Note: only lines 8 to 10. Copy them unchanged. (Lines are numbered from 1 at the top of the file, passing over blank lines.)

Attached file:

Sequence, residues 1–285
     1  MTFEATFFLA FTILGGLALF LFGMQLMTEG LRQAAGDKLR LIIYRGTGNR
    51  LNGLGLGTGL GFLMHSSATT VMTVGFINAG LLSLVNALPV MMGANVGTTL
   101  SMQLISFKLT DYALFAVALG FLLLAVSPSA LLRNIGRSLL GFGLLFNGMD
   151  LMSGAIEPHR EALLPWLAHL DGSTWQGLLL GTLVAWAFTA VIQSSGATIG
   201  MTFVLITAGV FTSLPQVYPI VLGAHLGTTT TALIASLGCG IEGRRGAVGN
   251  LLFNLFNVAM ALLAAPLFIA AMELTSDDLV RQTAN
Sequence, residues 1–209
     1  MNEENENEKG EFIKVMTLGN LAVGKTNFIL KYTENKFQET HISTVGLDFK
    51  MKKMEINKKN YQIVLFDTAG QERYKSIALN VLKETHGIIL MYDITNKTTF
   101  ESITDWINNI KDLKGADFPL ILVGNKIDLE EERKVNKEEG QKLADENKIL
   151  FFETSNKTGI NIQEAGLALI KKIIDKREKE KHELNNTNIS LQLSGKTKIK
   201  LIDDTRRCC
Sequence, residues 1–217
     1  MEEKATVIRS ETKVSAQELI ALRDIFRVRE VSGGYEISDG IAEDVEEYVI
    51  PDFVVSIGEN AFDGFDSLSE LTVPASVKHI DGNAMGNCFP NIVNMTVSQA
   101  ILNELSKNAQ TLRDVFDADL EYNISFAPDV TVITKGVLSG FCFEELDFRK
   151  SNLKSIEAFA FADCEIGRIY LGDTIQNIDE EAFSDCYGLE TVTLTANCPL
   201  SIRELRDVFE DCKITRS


Sequence, residues 1–209
     1  MNEENENEKG EFIKVMTLGN LAVGKTNFIL KYTENKFQET HISTVGLDFK
    51  MKKMEINKKN YQIVLFDTAG QERYKSIALN VLKETHGIIL MYDITNKTTF